The Red Hot Chili Peppers seem to have melded very well in the two incarnated albums since replacing John Frusciante with Josh Klinghoffer, and though they have never been afraid to experiment, what is most impressive is their core energy. This release, The Getaway, covers that easily. The progressions are melodic while thumping, and the more loud bass influence of irrepressible Flea felt on the construction, the better. Plus, the lyrics of icon Anthony Kiedis are worth everything they always are, among the most insightful and creative ever.
Beginning with the obvious are “The Getaway” and the single “Dark Necessities”. In “Dark Necessities”, the record is both excellent and experimental, with some solid rhythmic bass, and uncommonly, a sentimental piano and tone for the Chili Peppers.
Or they play a lot like Californication in “The Getaway” itself, which heralds their more rap-oriented days, and though this is very impressively recorded it hurts them indie-wise, as it is in a good way more like that most celebrated of releases. Further on, there are very good drumbeats, and great vibes, with rap and a thematically rocking lyric presence, especially in a song like “We Turn Red”.
Next up in their brightly designed tapestry of a theme is “Detroit”, which is perfect in the thumping bass and way better for it than on some previously heralded albums like the softer Californication or Stadium Arcadium. This particular song heralds pre-Frusciante releases with bold guitar, groovy keyboard and psychedelic wailing. Then even more so in a torrentially celebrating lines such as “Don‘t you worry baby / I’m like Detroit / I’m crazy.” Moving on, through the clearly mature and emotional theme of the album are songs, “Go Robot”, “Feasting on Flowers”, and “This Ticonderoga”, which are all in their own way really great and sensitive numbers.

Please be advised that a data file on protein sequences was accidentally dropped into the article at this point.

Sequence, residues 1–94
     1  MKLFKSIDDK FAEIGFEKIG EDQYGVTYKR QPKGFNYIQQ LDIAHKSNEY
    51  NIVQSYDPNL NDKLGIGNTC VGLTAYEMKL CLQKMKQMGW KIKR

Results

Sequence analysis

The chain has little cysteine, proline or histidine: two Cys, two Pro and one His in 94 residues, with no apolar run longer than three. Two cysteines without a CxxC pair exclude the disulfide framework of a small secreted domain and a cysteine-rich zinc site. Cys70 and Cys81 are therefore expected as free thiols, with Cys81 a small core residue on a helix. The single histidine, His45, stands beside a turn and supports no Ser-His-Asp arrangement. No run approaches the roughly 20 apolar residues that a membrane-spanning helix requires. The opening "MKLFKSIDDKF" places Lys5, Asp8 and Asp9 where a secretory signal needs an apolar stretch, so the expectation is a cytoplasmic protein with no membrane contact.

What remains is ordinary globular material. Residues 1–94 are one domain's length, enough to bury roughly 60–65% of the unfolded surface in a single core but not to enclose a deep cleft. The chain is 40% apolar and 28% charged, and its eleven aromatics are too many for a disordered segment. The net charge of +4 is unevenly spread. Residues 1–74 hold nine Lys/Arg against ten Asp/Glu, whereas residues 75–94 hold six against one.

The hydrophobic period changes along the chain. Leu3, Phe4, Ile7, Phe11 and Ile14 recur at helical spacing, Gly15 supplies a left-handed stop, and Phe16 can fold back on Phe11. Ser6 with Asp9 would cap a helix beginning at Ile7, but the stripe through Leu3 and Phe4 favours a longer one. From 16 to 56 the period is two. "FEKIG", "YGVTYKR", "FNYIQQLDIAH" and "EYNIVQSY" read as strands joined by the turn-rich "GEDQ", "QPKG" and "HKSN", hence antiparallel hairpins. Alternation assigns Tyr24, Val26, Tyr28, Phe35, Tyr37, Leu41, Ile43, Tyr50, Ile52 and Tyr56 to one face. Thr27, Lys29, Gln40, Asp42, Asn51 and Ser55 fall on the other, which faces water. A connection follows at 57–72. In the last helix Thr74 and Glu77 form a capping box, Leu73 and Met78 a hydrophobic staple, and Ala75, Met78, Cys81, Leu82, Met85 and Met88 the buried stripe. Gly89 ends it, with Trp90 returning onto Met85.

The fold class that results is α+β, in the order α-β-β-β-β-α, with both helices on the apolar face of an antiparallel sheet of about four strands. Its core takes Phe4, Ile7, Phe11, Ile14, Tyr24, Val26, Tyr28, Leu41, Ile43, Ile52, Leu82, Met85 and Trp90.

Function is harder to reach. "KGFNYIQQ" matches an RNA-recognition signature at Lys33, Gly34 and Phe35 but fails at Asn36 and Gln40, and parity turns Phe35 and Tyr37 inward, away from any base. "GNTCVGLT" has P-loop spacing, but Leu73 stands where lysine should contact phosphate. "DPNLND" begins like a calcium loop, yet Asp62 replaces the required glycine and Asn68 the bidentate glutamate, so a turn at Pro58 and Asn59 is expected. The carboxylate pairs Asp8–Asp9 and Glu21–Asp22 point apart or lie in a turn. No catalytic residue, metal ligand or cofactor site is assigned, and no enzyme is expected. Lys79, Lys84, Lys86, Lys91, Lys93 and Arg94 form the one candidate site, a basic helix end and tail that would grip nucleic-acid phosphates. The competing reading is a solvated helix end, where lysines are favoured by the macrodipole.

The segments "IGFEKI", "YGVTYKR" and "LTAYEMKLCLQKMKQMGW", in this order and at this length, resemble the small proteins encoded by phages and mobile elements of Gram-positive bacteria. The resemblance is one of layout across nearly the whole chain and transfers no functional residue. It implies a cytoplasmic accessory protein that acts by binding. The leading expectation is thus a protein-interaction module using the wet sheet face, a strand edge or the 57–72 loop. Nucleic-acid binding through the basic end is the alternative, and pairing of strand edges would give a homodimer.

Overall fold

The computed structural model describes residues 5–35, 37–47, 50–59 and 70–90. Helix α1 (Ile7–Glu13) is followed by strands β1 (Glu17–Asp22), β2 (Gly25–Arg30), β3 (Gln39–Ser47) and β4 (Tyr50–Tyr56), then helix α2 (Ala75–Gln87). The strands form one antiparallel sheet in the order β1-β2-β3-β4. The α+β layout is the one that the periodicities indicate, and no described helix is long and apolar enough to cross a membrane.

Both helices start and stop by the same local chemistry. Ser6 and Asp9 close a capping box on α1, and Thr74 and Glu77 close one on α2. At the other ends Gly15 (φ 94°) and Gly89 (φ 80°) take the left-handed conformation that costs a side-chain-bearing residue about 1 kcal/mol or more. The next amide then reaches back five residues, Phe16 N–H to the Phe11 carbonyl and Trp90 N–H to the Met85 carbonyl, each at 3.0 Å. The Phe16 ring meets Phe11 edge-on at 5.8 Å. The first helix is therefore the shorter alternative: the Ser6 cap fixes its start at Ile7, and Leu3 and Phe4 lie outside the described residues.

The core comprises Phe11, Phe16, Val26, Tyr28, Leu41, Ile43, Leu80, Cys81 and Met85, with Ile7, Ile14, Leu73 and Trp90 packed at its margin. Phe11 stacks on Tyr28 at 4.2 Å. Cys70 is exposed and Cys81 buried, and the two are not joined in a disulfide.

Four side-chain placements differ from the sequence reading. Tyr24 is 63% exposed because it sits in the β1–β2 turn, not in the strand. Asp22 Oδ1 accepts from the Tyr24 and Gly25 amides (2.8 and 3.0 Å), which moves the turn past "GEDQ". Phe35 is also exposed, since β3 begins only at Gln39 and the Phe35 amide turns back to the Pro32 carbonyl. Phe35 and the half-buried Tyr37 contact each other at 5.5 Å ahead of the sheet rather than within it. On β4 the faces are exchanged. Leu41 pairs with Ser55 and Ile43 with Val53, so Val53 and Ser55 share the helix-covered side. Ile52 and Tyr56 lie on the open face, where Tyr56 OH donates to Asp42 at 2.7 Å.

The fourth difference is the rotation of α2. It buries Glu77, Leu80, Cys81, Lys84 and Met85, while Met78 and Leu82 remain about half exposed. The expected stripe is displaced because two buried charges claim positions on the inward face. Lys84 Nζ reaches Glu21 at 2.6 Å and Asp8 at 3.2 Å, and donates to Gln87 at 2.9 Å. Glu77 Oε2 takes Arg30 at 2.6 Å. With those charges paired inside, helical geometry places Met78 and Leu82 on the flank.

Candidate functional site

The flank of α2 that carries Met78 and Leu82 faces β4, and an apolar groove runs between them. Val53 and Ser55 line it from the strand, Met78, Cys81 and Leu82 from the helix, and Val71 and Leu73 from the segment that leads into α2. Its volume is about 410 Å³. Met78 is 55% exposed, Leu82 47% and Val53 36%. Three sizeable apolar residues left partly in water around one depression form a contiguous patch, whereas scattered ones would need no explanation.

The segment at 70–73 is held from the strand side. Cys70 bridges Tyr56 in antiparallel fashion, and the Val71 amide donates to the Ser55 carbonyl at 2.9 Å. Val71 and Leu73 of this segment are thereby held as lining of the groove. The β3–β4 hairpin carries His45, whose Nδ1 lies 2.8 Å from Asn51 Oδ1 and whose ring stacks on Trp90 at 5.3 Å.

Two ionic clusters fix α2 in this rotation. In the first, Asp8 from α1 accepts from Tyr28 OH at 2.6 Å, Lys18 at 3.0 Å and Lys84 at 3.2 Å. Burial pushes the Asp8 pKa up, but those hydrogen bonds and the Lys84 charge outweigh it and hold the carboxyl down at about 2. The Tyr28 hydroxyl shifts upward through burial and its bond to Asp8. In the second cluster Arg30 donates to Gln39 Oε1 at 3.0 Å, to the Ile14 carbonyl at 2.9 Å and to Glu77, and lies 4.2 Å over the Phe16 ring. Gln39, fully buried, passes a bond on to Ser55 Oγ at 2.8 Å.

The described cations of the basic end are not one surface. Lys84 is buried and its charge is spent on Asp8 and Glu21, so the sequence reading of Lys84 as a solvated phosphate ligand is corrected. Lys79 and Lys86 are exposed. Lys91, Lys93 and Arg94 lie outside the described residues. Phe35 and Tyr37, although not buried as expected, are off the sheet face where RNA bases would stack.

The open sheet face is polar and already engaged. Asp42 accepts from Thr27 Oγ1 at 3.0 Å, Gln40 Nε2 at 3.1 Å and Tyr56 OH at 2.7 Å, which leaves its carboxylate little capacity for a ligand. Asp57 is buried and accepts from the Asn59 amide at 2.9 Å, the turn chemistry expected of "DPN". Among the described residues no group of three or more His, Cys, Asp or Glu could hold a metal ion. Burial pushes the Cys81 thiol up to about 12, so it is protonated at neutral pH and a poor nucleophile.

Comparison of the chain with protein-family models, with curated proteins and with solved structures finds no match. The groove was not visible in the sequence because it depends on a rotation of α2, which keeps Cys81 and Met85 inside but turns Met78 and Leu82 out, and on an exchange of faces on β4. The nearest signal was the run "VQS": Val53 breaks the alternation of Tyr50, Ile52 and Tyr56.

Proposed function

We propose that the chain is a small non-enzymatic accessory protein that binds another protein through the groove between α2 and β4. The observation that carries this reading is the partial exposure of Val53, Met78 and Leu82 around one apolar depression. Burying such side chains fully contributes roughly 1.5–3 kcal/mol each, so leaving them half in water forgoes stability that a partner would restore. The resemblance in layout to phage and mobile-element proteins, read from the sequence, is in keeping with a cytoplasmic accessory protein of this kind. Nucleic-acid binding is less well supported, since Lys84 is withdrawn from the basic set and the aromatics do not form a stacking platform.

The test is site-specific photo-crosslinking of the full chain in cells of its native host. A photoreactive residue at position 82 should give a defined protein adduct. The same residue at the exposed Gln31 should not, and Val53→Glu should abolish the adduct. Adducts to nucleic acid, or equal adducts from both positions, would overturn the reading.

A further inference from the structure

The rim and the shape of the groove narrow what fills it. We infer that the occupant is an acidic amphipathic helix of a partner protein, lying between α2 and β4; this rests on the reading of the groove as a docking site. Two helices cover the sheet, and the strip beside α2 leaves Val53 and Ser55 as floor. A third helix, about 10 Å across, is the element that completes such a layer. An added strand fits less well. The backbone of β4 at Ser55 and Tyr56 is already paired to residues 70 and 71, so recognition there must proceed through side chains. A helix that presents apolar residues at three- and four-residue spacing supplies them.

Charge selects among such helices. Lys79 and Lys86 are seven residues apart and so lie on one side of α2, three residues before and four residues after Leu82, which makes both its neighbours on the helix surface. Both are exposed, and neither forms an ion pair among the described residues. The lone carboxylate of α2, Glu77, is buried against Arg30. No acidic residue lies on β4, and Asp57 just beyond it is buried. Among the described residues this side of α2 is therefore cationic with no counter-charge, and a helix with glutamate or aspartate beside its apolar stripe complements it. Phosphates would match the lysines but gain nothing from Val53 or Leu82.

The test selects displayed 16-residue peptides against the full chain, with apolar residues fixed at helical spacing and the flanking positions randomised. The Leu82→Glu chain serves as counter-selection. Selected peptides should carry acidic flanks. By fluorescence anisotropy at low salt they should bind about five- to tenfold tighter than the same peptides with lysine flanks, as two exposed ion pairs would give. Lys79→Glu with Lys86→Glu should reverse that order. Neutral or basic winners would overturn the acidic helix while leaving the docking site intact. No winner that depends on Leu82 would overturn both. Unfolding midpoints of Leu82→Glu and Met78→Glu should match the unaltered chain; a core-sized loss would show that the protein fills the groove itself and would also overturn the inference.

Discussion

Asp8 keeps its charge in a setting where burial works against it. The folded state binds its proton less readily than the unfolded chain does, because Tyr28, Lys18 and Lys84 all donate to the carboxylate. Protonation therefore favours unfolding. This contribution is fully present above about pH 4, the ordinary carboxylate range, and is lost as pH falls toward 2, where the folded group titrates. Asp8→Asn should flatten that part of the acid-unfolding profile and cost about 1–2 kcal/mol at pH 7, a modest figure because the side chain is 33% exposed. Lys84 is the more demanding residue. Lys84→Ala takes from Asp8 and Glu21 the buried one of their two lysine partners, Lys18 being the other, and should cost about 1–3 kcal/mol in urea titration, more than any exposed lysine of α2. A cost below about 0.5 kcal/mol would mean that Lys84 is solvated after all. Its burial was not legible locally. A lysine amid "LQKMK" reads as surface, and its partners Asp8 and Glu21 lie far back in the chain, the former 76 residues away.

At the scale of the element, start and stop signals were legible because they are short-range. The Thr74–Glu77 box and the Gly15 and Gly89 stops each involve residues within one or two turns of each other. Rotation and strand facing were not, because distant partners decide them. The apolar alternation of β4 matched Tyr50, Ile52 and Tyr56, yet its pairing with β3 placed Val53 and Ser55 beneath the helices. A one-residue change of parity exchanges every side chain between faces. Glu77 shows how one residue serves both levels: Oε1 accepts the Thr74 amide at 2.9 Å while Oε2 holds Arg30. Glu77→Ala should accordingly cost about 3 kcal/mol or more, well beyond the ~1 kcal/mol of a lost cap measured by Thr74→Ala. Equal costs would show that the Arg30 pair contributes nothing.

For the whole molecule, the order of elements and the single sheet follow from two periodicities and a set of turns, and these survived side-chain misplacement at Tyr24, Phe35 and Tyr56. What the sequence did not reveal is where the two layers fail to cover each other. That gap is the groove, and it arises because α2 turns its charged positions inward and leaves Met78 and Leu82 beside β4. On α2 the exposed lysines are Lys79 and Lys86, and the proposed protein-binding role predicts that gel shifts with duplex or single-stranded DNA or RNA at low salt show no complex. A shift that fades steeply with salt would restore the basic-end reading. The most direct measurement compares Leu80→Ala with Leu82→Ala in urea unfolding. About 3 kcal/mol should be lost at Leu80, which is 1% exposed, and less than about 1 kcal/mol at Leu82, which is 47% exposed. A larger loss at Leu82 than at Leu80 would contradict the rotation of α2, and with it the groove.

Even more is emotionally emphasized in the great lyrics, and in classic rock sounding and southern styled “Sick Love “. Plus, the nicely titled “Encore” is tremendously piano based and treble heavy, quite a jaunt. Definitely the most trippy and iconic sounding songs, are last but not least “The Hunter” and “Dreams of a Samurai”. “The Hunter” is both the most experimental and best aurally, whereas “Dreams of a Samurai” is almost a ballad.
There is no “Under the Bridge”, “Scar Tissue”, or even niche like “Brendan’s Death Song”, but overall this release should please all types of fans, while representing growth. The Getaway is both experimental and a step up even from the first record with Josh Klinghoffer, I’m With You (QRO review). Hopefully The Red Hot Chili Peppers, with no steam lost yet, will feel like making these types of releases for years to come.